If your dog is struggling or showing signs of discomfort when trying to have a bowel movement, they may be constipated. Our Kingman vets share signs of constipation in dogs, causes and tips for treating the condition.
Constipation in Dogs: Should I Worry?
If your dog is having obvious issues when trying to poop they are likely constipated. This is one of the most common issues affecting dogs of all ages and sizes.
Inability to pass feces, or pain associated with passing feces is considered a veterinary medical emergency and requires immediate care.
If your dog is straining or passing hard stools this can also be a solid sign that your dog is constipated.
Some dogs may also pass mucus when trying to defecate, circle excessively, scoot along the ground, or squat frequently. If you press on their stomach or lower back, they may have a tense, painful abdomen that causes them to growl or cry.
What causes constipation in dogs?
Some of the leading causes of constipation in dogs are:
- Lack of exercise
- Excessive or insufficient fiber in his diet
- Other illnesses leading to dehydration
- Blocked or abscessed anal sacs
- Excessive self-grooming (may cause a large amount of hair to collect in the stool)
- Neurological disorder
- Side effects of medication
- The orthopedic issue causes pain when a dog positions himself to defecate
- Enlarged prostate gland
- Sudden change in diet or sampling new foods
- Matted hair surrounding the anus (caused by obesity or lack of grooming)
- Ingested pieces of toys, gravel, plants, dirt and bones caught in the intestinal tract
- Obstruction caused by tumors or masses on the anus, or within the rectum
- Trauma to pelvis
If you have an older dog then you may notice constipation occurring more frequently than when they were younger. However, any dog that faces one or more of the scenarios above can suffer from constipation.
Dog Constipation Symptoms
Signs of constipation include straining, crying or crouching when attempting to defecate. Also, if it’s been more than two days since he has had a bowel movement, you should see your vet immediately.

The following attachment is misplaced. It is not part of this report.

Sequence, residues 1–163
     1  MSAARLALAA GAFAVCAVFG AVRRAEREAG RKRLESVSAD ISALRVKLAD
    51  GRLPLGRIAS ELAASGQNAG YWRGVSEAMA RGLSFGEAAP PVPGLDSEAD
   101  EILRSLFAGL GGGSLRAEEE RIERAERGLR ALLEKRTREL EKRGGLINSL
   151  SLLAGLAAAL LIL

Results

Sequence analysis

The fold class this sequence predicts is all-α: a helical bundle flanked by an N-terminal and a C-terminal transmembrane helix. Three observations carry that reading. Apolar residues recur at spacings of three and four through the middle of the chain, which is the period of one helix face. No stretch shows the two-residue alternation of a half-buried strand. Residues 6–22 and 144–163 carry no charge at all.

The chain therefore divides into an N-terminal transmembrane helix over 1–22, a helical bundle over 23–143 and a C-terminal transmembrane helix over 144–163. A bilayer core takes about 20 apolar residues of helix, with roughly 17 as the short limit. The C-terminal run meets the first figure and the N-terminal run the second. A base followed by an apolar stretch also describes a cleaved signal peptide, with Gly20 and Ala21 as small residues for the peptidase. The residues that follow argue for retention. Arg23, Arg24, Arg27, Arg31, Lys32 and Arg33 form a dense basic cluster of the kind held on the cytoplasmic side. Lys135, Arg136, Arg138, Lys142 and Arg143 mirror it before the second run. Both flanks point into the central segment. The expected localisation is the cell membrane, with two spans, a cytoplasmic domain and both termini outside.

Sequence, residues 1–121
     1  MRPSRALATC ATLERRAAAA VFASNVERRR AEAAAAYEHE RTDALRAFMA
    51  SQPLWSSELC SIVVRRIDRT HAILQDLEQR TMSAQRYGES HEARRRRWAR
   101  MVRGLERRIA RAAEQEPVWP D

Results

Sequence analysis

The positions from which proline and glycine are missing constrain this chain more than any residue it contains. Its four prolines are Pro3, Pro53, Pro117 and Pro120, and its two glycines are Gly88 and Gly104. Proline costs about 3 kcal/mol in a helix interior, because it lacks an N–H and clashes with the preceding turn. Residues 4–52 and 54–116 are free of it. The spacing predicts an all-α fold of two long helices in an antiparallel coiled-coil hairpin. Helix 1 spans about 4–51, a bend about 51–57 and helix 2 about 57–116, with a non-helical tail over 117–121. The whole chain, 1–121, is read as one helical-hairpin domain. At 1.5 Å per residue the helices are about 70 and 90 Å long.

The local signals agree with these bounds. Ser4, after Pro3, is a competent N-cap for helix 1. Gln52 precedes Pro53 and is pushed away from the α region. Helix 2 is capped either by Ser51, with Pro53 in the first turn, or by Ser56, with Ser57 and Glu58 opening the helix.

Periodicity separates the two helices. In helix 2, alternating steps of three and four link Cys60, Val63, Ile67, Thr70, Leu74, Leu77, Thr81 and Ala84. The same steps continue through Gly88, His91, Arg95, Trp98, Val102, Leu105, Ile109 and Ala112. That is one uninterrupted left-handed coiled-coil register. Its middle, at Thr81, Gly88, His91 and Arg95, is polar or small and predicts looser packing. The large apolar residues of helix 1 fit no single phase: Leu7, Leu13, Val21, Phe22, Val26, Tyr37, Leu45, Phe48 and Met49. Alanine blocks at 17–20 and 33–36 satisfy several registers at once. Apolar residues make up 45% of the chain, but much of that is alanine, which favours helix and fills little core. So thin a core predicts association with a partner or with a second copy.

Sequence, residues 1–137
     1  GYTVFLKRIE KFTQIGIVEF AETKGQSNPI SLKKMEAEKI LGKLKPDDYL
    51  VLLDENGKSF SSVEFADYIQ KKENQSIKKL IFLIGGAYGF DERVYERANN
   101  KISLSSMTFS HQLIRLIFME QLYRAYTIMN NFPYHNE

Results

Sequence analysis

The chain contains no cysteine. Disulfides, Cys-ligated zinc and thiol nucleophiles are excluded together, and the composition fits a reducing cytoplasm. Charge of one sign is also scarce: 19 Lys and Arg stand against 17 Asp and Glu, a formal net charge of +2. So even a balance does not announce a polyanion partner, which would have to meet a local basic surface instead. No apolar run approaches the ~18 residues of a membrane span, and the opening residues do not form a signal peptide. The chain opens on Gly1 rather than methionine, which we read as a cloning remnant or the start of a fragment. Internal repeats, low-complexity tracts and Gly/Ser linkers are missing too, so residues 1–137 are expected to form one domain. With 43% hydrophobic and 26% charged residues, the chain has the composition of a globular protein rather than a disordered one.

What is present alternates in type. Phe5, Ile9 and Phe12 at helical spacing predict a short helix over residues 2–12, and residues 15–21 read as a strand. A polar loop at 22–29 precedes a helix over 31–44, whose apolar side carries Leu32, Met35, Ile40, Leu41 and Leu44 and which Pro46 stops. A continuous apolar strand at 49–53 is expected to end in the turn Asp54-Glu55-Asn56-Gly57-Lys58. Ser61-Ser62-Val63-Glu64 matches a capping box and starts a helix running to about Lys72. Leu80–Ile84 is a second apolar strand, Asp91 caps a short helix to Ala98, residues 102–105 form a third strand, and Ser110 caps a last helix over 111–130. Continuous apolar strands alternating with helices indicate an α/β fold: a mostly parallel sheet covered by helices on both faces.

Keep in mind that these symptoms may be similar to those that could point to a urinary tract issue. This makes bringing them to the vet for a complete physical exam and diagnosis very important.
How to Help a Constipated Dog
Google 'How to treat constipation in dogs' and 'What can I give my dog for constipation?' and you’ll find wide-ranging advice, from sources both trustworthy and dubious.
That said, you will want to know what to do if your dog is constipated. The best thing to do is check in with your veterinarian and bring your dog in for an exam. Blood tests may help reveal infection or dehydration. The vet will likely take a medical history, conduct a rectal examination to rule out other causes or abnormalities, and may recommend one or a combination of these treatments:
- A prescription diet high in fiber
- A stool softener or other laxatives
- More exercise
- Enema (administered by a professional, not at home, as there could be the risk of injury or toxicity if done incorrectly)
- Adding more fiber to your dog’s diet (wheat bran, canned pumpkin or products such as Metamucil)
- Small bowl of goat or cow milk
- Medication to increase the large intestine’s contractile strength
Follow your vet’s instructions closely, as trying too many of these or the wrong combination may bring on the opposite problem - diarrhea. You don’t want to trade one digestive problem for another.
Fortunately, we have an in-house lab where diagnostic tests are performed and an in-house lab and pharmacy that’s stocked with a range of medications and prescription diets, providing us quick access to any medications your pet may need while in our care.
When Constipation in Dogs is Left Untreated
If your dog’s constipation goes untreated, he may eventually be unable to empty his colon on his own (a condition called obstipation). The colon then becomes packed with an uncomfortably large amount of feces, causing lethargy, unproductive straining, loss of appetite and potentially vomiting.
Note: The advice provided in this post is intended for informational purposes and does not constitute medical advice regarding pets. For an accurate diagnosis of your pet's condition, please make an appointment with your vet.